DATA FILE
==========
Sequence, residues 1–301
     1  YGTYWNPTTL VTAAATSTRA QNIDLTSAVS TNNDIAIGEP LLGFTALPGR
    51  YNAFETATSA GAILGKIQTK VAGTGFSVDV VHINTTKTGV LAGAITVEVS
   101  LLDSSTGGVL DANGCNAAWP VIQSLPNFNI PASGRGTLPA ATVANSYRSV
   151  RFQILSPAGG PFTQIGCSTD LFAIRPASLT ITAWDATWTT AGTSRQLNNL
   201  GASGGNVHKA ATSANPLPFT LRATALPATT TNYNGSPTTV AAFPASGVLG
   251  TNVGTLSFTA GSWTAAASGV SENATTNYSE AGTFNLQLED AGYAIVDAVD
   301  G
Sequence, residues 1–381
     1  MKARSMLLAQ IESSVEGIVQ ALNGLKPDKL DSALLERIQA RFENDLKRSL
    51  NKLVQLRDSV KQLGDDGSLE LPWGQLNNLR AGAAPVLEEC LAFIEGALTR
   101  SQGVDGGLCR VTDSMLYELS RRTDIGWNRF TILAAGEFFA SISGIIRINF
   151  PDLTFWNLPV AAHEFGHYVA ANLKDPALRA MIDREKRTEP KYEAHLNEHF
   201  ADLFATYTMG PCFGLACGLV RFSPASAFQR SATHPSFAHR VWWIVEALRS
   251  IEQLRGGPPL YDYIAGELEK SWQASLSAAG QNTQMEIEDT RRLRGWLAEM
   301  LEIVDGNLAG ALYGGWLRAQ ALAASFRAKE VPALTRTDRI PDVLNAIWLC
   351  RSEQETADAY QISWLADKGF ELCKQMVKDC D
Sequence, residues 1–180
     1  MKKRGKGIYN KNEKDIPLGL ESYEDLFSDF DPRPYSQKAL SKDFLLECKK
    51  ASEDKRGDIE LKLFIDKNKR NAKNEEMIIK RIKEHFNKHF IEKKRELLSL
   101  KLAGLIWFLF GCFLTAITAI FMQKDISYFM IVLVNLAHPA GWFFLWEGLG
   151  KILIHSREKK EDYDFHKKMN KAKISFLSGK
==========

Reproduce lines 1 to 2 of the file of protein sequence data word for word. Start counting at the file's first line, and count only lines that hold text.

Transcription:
Sequence, residues 1–301
     1  YGTYWNPTTL VTAAATSTRA QNIDLTSAVS TNNDIAIGEP LLGFTALPGR